“We have a child psychiatry access network where we provide free consultations by child and adolescent psychiatrists to primary care and adult physicians who are working to manage children and adolescents with behavioral health issues,” said Nichols.
Nichols enumerated the challenges and needs for suicide support in East Texas. “There is a shortage nationally of psychiatrists. There is a state shortage of psychiatrists. And so that shortage is even more acute locally in our region.
“If you look at the numbers statewide for how many psychiatrists there are in the state, it doesn’t look all that bad. But then you realize these physicians cluster in big cities, so rural areas tend to be very short. This is one of the primary reasons that the [UT Health] Science Center got into this field, is to increase the mental health workforce in the state,” said Nichols.
Nichols said there are multiple factors contributing to high suicide rates in our region. “Northeast, Texas has a suicide rate that is 43% higher than the state average. So it’s a significant issue. For Texans aged, 15 to 34, suicide is the second leading cause of death. We believe there’s a lot of factors that contribute to it that kind of create the perfect storm if you will.”
In another alarming statistic, Smith County, which encompasses Tyler and is home to more than 225,000 residents, has the highest suicide rate among the state’s 25 most populous counties.
“We know that in rural areas, suicide rates are higher for teenagers. We know that we have some higher rates of physical health issues in Northeast Texas. We have some substance abuse rates that could be contributing to that. Physical health affects mental health,” said Nichols.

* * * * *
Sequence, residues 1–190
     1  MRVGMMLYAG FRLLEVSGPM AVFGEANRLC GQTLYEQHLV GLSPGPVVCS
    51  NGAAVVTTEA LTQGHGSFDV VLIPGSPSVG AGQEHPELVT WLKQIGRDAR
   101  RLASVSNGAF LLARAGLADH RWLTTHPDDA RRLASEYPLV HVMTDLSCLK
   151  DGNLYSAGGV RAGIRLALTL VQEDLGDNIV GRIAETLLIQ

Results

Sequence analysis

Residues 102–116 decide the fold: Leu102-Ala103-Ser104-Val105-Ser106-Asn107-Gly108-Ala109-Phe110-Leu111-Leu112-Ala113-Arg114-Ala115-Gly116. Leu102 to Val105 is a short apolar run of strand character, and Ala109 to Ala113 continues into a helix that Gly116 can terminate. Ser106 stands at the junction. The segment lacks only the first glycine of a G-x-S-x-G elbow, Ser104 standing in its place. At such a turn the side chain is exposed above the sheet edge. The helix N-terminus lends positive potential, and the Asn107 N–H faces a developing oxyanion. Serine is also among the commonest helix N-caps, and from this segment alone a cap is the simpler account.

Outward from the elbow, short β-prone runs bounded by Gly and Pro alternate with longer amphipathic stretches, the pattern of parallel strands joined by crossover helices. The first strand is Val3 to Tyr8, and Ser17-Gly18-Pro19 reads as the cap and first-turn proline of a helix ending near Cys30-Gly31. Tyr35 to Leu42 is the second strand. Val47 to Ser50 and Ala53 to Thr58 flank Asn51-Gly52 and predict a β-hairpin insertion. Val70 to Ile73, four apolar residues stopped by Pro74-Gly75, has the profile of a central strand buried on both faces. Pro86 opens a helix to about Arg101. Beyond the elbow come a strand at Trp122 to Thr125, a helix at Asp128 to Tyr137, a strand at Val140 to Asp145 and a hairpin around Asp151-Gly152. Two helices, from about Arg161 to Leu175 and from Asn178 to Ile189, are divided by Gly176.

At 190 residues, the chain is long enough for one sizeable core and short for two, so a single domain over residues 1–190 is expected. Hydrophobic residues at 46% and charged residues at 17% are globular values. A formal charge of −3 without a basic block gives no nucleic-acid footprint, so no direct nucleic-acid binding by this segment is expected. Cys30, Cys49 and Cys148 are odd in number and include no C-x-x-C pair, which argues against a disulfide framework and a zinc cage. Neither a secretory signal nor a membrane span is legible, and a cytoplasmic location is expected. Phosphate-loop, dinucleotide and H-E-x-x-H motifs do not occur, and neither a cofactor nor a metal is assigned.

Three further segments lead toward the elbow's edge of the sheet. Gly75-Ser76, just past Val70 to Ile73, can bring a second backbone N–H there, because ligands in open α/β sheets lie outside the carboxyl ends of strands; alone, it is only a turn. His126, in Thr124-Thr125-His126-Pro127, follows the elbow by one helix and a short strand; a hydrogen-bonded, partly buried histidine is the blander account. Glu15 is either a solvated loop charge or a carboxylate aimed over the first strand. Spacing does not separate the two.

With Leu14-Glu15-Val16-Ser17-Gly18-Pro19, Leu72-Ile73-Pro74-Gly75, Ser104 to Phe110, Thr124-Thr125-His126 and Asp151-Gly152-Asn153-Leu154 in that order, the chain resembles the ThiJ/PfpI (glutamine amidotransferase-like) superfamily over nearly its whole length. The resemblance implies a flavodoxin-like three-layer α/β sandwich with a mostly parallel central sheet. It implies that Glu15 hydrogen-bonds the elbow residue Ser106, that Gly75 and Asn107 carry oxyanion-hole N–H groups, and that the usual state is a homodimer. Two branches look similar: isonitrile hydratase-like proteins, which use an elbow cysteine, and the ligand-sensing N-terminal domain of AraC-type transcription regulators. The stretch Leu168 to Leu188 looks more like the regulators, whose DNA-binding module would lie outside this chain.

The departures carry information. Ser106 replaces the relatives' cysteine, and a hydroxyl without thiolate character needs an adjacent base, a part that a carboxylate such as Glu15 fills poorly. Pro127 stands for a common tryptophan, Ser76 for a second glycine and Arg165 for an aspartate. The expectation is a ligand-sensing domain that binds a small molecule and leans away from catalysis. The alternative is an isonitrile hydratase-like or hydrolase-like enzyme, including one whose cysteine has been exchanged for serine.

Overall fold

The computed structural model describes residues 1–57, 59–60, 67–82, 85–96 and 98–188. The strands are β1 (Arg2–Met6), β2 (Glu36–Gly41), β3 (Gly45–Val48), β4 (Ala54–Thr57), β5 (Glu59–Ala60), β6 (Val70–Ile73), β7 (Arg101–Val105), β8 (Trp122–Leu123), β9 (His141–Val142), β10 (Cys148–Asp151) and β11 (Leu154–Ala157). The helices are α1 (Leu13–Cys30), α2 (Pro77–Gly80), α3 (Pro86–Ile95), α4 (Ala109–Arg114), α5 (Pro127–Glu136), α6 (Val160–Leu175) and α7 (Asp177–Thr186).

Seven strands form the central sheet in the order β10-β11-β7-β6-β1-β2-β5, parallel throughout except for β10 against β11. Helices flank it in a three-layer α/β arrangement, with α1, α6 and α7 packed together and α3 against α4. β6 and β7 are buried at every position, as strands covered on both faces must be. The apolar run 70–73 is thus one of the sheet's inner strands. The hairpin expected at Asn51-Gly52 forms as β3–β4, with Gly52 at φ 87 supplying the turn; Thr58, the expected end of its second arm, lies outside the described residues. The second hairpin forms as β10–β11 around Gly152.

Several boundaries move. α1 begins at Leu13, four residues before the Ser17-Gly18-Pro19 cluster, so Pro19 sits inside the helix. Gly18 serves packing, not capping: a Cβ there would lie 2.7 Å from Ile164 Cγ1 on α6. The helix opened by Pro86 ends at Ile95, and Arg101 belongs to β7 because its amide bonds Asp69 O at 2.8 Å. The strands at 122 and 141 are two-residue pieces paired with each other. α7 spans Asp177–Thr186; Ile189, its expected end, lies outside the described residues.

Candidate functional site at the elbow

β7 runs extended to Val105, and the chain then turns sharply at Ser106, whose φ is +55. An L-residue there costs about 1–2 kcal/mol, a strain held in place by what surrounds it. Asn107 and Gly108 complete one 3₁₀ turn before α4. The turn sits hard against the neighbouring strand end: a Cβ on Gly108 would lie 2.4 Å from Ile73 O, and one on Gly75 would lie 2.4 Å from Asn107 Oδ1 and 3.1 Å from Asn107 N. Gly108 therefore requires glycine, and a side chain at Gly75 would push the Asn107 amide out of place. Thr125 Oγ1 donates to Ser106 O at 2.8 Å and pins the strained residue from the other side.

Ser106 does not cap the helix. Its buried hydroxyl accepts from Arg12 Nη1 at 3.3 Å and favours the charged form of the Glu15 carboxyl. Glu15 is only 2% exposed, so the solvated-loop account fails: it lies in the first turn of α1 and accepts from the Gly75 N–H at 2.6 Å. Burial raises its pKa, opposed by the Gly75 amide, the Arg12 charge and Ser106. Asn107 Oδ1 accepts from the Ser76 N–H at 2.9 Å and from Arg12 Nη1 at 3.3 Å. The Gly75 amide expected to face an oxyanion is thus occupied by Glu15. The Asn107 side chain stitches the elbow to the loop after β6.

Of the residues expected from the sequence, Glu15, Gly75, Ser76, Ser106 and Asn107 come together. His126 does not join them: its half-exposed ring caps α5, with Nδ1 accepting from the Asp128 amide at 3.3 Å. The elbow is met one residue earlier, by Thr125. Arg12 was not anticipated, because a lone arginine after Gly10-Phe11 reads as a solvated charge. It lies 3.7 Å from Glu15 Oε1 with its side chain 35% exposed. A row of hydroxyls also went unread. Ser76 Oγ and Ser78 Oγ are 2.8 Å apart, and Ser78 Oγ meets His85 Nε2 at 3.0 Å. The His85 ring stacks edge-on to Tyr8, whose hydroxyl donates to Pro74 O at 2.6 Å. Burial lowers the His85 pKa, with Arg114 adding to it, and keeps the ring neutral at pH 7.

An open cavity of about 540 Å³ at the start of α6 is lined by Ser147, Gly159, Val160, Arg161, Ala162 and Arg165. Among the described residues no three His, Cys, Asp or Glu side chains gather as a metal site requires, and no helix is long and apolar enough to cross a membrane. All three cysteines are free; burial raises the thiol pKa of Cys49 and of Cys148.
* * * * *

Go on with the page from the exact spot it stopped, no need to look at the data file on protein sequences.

Nichols said there are two easy language changes that can be implemented immediately to help break the suicide stigma.
“We could stop saying ‘committed [suicide]’. Because it sounds like a crime.
“Also to say ‘suicide’ and not talk around it. I think it’s a type of death that we avoid talking about generally. We shouldn’t do that, because there’s this fear that talking about it makes people do it. There’s no evidence that talking about it is going to make somebody do it.
“Sometimes people will avoid asking people if they’re having those thoughts, for fear that broaching the subject is going to cause it, and that’s not true at all,” said Nichols.
Nichols said those at higher risk for death by suicide include people who’ve attempted before; people who have a family history of suicide; and people with a history of child abuse, neglect or trauma as a child.
“Prolonged stress, bullying, relationship problems, unemployment, a divorce, a financial crisis — really nearly anything that increases stress significantly in general in a negative way can be a risk factor.